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‘THE George’ from George’s Kebabs

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George’s Kebabs has been a Curtin institution since time immemorial. But who is the eponymous, mythical ‘George’? As part of Humans of Curtin, George reveals all, showing that there is more to his story (and his store’s story) than meets the eye …

Can you tell me about your background?

I was born and bred here. I’ve always lived in Perth. My family is predominantly Greek. My dad was a boilermaker welder by trade, but when he came [to Australia] he got his apprenticeship in cookery. Since then, my parents have been in food and hospitality. Dad and Mum bought this business 20 years ago, and that’s when my brother and I implanted ourselves in here and did what we could to boost the business.

So you didn’t open the kebab store?

The kebab store was already here. I’m the ‘second-generation George’, as I like to call it. The ‘first-generation George’ was an accountant, knew very little about hospitality and just knew about numbers. My dad started working for him in 1991 and was doing marinades and chef work for him. A few years later, in 1994 or 1995, he wanted to sell out, so we bought in and that’s how my family came into the kebab store.

I vaguely remember someone telling me that George, the previous owner, had bought the kebab store in 1985. I’m sure it was around before then, but that’s the only date we know about, so we just tell everyone it was established in 1985.

There are many rumours going around about why the kebab shop is called George’s Kebabs. My brother [James] and I are the shop’s two business partners, and because of that, people ask us why it’s called George’s Kebabs and not Jim’s Kebabs. I like to tell people that we played paper-rock-scissors and that I won.

What do you think it is about the store that has kept people interested?

We have a fantastic product. It’s all about the meat and the bread. The meat has to be of good quality, which is why we don’t do the gyros, the shaved meat, because a lot of people try to throw cinnamon on it to cover its cheap flavour. So we only use top-quality meat and trim the fat off.

Another part of it is because we’re near the tavern. The area around the tavern is very sociable and it has been a major entertainment and food hub over the years.

Plus, I think our friendly service has helped!

What are some challenges you face in running George’s Kebabs?

The biggest challenge we always face is the on period, off period. There are 12 weeks in a semester, so there are 24 weeks of full-time students being here. Those other times we’re only catering for staff and a few other students on campus. So our biggest challenge is to make sure the revenue is there to cover for that quiet period, because we’re running at a slight loss.

Now the biggest challenge we’re facing is that we’ve opened a food truck. We’re gluttons for punishment. It’s occupying a lot of our time. At the moment, the food truck is located at a place that’s a bit ‘hush-hush’ because Curtin people don’t agree with where it is: it’s at UWA. People are up in arms, saying “no, you belong to Curtin. Don’t go to UWA!” It’s a sister part to the main George’s Kebabs store. But we’ve just given UWA a snippet of what we do here at Curtin.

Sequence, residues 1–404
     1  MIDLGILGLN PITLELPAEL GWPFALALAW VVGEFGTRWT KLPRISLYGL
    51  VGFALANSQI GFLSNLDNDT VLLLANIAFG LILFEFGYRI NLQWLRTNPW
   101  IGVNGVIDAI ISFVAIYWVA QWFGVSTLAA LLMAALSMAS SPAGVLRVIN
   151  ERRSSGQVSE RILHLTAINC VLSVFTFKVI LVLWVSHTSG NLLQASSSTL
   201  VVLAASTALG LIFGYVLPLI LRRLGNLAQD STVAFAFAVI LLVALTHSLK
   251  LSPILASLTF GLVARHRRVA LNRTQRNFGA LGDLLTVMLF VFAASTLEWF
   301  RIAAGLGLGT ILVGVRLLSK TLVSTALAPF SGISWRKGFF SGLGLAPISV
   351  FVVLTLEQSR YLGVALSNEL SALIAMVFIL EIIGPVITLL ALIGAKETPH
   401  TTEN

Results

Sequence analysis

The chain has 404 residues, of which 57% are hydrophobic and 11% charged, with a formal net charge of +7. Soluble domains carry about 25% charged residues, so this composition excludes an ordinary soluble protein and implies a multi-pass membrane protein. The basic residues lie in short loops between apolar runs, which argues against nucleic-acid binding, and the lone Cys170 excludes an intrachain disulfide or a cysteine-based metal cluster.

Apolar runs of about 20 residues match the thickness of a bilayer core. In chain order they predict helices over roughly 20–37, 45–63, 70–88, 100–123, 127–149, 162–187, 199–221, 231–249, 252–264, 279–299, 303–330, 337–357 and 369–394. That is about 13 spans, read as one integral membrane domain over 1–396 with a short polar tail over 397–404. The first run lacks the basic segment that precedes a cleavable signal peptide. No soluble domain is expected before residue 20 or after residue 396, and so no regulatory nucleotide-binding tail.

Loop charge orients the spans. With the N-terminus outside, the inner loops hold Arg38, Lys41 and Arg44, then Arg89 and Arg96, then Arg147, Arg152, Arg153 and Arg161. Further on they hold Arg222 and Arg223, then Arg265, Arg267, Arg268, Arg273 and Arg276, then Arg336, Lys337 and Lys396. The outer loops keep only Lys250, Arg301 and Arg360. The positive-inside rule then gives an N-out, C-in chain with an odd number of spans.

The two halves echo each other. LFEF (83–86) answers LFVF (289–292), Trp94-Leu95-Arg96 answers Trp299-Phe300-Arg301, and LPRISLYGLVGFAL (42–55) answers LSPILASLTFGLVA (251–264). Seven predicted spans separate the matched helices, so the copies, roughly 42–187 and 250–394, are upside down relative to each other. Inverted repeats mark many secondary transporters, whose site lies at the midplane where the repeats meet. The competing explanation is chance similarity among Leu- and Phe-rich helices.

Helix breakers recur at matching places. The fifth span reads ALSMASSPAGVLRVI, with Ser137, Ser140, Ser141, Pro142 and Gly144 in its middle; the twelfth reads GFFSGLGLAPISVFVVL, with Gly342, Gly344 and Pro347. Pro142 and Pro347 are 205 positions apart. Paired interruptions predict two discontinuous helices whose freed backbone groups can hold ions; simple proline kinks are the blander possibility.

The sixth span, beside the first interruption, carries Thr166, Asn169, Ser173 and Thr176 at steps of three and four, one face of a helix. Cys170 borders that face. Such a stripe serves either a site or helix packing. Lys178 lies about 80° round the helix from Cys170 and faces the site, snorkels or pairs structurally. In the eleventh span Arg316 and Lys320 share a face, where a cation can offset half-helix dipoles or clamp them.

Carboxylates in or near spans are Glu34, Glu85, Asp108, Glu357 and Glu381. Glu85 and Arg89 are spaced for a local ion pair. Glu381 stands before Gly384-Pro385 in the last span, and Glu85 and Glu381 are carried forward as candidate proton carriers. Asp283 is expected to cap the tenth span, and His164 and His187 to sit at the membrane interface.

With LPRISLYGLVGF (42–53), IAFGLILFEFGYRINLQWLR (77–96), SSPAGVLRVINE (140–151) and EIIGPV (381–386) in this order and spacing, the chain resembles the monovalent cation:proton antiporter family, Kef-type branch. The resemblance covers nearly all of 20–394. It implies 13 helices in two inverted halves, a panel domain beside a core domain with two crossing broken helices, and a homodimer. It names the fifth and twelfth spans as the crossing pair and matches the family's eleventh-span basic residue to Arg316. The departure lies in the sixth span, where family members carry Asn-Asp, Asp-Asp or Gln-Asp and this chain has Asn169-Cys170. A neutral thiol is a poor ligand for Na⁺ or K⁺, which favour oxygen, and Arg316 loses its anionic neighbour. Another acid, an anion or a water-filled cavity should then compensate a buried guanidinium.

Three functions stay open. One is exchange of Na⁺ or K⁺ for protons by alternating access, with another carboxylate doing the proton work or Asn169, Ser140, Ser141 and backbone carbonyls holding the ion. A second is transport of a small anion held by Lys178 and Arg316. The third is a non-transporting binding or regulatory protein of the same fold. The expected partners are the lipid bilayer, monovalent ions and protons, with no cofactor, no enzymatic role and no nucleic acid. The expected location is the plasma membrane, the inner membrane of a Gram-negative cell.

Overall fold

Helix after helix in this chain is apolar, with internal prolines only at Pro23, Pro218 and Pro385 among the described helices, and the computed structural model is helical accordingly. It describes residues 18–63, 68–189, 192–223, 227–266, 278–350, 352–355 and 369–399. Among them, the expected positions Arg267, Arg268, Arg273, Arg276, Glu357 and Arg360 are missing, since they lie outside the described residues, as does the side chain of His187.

Is there anybody that has really inspired you?

Both my parents have motivated me. Dad has always been a workhorse and we’ve seen him slog through the years and he’s done very well. Mum, on the other hand, was more of a business-minded person. She knew how to run a business prudently and had a perfect mind for it, but didn’t have much of an education. A lot of people said that if she did have an education, she’d either be a lawyer or a top criminal gangster, because that was the level of how her mind worked. She knew the ins and outs of everything, and she could read people. My parents have been my biggest inspiration.

What are your hobbies?

I’m fanatic about soccer. Most people call it ‘football’ nowadays, but I grew up calling it ‘soccer’. I started playing soccer when I was four or five years old at one of the local Greek clubs here, mainly because my dad was also a soccer fanatic. Now, I love watching the English Premier League. I follow Liverpool.

What are some things that have changed about Curtin since you came here?

Curtin has gone through a lot of different phases. When we first started, the tavern was hustling and bustling and used to be like a normal pub, with the layout and people playing pool. From there, it’s become a lot quieter and nowadays it’s a lot more of a social place. People go to sit at the tavern to enjoy a meal and a beer. You do see character changes throughout the years and I think the nearby shops have tried to adjust their menus and facilities to accommodate that.

How many kebabs do George’s sell in a week?

If I had to estimate, it would be somewhere around 2,000 to 2,500 kebabs in a week.

What’s your favourite kebab?

My favourite and my brother’s favourite type of kebab has always been the pork kebab. It’s severely, severely underrated. You’ll find that a lot of people will have chicken if they go for a type of meat because that’s the safe choice. Then, if they want to venture out a little bit, they might have the lamb, but not many people actually go for pork. I don’t know why. People eat bacon, but for some reason when it comes to pork, they might say: “I don’t really eat pork.”


Make sure you try the kebabs yourself in Building 106C!

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